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"You're tearing their life out from them!"

The extension to the ban on evictions may relieve some immediate hardship, but for many it simply extends uncertainty.

On 21 August the Housing Secretary Robert Jenrick announced that the ban on evictions would be extended for another 4 weeks, and new 6 month notice periods will be put in place until at least 31 March 2021. Landlords will still be able to progress some cases relating to domestic abuse, anti-social behaviour and rent arrears. (For full details on housing advice during COVID-19 see this page from Shelter)

The lived experience of eviction

Removing the immediate threat of eviction is a welcome step. Eviction can have detrimental effects on health and well-being, including increases in anxiety and other mental health difficulties, increased reliance on drugs and alcohol, and pressure to risk safety and put ourselves into dangerous situations in order to survive.

“It’s like re-traumatising somebody, when you tell them you’re going to be evicted. You take away all their hope. Their plan, their way of living day by day. You force them to go back to chaos on the street, and living that way.” Member of National Advisory Panel

“You’ll get to a point where people bury their head in sand, and if we’re not careful they’ll self-harm, using substances, maybe even putting themselves in dangerous situations just to get accommodation.” Member of National Advisory Panel

Evictions can have an extremely negative impact on peoples recovery. Upheaval means support networks and ties with services can be broken, forcing people and services to invest considerable resource and well-being in re-establishing or developing new connections. Disadvantages can be compounded, leading to some services becoming inaccessible and withdrawing support.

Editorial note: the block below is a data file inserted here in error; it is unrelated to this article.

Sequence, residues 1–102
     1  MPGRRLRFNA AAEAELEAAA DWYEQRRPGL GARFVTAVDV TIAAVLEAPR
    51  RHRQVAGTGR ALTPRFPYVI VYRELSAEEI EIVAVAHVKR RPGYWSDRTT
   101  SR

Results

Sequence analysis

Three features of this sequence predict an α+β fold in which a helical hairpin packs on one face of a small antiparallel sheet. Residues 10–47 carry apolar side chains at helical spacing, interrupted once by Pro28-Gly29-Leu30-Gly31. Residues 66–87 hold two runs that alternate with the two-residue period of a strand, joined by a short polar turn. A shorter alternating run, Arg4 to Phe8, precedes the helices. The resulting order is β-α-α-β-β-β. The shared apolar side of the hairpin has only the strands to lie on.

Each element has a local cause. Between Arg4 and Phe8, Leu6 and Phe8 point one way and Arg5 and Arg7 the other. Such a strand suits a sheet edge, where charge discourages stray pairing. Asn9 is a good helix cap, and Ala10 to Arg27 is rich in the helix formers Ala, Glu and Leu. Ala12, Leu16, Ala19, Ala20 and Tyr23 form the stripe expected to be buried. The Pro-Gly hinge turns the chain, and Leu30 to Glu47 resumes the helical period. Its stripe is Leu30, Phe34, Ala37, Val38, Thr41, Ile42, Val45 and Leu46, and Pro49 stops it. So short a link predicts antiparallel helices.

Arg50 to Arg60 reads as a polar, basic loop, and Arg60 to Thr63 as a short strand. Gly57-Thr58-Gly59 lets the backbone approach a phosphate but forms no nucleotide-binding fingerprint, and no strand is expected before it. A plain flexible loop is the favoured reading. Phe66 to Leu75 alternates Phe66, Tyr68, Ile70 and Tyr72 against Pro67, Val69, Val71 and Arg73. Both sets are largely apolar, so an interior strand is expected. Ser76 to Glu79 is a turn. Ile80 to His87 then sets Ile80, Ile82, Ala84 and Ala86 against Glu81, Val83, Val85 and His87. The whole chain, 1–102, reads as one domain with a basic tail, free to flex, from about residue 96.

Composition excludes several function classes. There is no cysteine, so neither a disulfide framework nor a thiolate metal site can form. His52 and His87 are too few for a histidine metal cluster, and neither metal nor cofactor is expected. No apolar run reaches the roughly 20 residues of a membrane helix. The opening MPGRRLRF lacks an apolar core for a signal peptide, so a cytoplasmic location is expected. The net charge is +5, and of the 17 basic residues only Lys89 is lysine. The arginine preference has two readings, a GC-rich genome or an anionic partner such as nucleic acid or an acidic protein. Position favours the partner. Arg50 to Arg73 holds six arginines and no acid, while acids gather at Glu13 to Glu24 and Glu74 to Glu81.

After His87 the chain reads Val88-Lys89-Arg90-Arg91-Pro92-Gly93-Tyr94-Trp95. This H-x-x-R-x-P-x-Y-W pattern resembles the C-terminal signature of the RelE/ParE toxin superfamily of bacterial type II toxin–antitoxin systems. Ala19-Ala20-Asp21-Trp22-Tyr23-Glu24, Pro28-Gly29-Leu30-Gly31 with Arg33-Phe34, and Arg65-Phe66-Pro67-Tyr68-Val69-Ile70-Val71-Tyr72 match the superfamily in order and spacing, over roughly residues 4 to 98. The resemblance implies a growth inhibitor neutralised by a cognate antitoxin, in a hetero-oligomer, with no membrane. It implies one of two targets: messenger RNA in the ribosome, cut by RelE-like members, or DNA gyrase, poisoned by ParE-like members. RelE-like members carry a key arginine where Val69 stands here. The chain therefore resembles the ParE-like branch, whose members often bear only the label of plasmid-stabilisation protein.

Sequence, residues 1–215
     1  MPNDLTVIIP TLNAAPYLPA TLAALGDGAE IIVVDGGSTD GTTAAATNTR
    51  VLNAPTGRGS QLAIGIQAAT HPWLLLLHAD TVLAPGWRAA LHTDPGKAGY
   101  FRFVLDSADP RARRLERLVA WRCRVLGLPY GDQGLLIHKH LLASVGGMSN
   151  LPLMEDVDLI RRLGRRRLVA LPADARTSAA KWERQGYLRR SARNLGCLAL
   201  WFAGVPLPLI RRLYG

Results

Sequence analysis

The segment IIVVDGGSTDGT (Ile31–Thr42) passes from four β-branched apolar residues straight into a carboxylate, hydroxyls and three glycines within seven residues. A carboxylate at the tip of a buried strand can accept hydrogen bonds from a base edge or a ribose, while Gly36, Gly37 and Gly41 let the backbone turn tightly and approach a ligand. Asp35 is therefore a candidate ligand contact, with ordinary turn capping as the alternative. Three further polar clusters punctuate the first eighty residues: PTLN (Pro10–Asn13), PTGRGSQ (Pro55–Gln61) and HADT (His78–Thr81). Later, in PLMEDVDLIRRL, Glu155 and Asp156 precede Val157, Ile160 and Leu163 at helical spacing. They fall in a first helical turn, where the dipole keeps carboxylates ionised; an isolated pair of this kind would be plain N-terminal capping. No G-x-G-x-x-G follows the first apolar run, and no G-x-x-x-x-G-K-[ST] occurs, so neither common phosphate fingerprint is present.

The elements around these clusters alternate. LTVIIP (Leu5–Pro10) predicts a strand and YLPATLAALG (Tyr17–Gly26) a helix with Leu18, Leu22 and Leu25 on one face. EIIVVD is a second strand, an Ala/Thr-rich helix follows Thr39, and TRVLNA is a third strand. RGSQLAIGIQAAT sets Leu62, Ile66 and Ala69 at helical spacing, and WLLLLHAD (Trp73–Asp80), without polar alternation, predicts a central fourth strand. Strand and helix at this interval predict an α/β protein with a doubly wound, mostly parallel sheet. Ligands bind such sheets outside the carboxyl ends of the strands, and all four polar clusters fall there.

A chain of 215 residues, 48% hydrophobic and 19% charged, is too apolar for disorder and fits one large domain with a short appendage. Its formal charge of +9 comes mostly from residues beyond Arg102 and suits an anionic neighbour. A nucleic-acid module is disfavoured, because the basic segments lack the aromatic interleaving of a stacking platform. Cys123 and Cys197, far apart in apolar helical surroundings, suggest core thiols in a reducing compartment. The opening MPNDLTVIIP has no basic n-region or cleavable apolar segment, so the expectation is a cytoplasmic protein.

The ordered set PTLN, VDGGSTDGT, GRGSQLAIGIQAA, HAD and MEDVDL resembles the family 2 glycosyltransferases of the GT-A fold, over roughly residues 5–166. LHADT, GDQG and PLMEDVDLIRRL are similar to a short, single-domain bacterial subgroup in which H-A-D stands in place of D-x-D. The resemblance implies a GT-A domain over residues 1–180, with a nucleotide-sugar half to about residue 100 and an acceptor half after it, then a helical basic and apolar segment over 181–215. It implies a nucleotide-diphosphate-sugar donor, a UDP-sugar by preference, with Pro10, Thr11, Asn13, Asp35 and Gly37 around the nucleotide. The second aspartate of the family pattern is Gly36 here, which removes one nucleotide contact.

“What we do when we evict people from their house or flat or whatever, is we remove any support that they got. They’re support is in that area, the doctors, the dentist, friends, local shop. If they’re accessing CPN, social workers. It can take 8 weeks to catch that back up if you remove them. You’re setting them up to fail.” Member of National Advisory Panel

“You are going to have people coming back onto the street. The downward spiral is that they’re mental health is going to be suffering, so they start, maybe, to self-medicate, because they’re not seeing clinicians. Drug and alcohol services won’t take them and they don’t get put in the category of being vulnerable, because the drug and alcohol issue is not as severe and enduring than a diagnosable mental health issue, so it cancels each other out. So the person is then in the situation where councils won’t listen to them, mental health services or NHS won’t listen to them…” Member of National Advisory Panel

“You’re tearing their life out from them. And then you point the finger because they’re on more drugs or they’re drinking more of their mental health has deteriorated.”